In the Serpent of Venice, Christopher Moore once again visits the physical world of Pocket the fool and the literary world of William Shakespeare (with a slight touch of Edgar Allan Poe thrown in for good measure). This time around, instead of King Lear, the source material is a mash-up of Othello and The Merchant of Venice, only set in the late 13th century and Pocket is embroiled in a battle to save Venice from itself while at the same time, helping the course of true love… all while dealing with his own depression over the loss of his queen Cordelia. Oh yeah, and there’s some sort of sea monster roaming around the Venetian canals wrecking havoc an death on whatever comes across its path.
I freely admit I’m a fan of Moore’s work, a collector of harlequins and a sea monster aficionado so I was anxiously awaiting this book from the moment I first heard about (and was lucky enough to score an advanced copy) so my opinion may be a little biased. I’m okay with that. That all said, this is not Moore’s best book. But it is good. It’s very very good.
It follows Moore’s general line. His characters seem delightfully anachronistic and Pocket reads like Tyrion Lannister’s more fun twin. The rest of the characters, interestingly, point up the similarities between the two Shakespearean plays (something Moore himself describes in detail in his afterward). Makes it really easy to see how these two plays could easily be done in a rep situation, with most characters having an almost equal corollary in the other storyline.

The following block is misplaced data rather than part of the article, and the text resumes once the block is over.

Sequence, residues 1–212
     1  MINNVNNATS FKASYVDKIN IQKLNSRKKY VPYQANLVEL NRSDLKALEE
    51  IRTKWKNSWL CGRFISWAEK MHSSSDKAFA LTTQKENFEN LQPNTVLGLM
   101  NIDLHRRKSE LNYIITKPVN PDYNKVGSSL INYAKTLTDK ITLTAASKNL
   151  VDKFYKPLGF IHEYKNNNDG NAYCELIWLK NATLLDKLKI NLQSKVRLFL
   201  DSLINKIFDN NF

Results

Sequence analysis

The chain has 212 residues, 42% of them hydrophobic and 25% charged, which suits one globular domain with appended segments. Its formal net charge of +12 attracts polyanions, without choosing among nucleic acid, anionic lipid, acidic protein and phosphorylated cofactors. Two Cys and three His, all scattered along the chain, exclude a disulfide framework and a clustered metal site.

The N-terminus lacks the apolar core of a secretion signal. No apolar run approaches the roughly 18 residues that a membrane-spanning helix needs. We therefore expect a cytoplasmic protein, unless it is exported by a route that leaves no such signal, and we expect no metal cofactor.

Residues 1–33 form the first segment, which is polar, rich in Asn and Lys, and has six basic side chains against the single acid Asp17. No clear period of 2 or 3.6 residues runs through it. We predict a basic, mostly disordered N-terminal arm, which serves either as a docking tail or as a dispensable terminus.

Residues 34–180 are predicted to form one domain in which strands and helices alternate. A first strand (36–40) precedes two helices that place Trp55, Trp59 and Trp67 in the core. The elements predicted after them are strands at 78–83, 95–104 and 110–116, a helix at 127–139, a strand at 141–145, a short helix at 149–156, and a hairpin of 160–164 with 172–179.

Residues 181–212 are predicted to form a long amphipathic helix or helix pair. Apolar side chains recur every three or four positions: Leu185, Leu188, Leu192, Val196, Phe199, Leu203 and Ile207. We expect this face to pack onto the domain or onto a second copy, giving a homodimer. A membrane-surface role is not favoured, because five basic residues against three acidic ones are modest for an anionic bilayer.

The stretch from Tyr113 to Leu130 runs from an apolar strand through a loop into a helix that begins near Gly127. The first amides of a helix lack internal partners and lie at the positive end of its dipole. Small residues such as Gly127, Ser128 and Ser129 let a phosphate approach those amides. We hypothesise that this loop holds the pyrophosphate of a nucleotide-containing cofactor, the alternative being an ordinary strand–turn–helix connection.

Where I think Moore falls down is his reliance on his own cleverness. This is something which works well in small doses and was relatively absent from his last book, Sacre Blue. Here, it shows up with a vigorousness which is not needed. Like a sitcom character getting long in the tooth and has come to be defined by his catchphrases rather than any real development, Moore here seems to be writing for people who are waiting for lines so they can react like insiders. This is most obvious in the cursing. Moore slaps himself on the back a little too hard with his creative invectives and sexual innuendo.
Don’t get me wrong, it’s still well worth the read and I’m still happy Moore is writing, because the rest of the tale is wonderful. His actual cleverness (underplayed and left for the reader to discover in due course, rather than telegraphed) is great. If you are in any way familiar with the plays and the short story The Cask of Amontillado, then you will know certain evens are coming and will be able to guess the actions of certain characters – but knowing an action does not indicate motivation or lead up and that is where this book excels. Like Stoppard’s Rosencrantz and Guildenstern Are Dead before him, Moore is able to seamlessly weave his own characters into the Shakespearean fabric in such a way as to make it seem not only plausible, but makes you wonder why these characters weren’t involved from the beginning.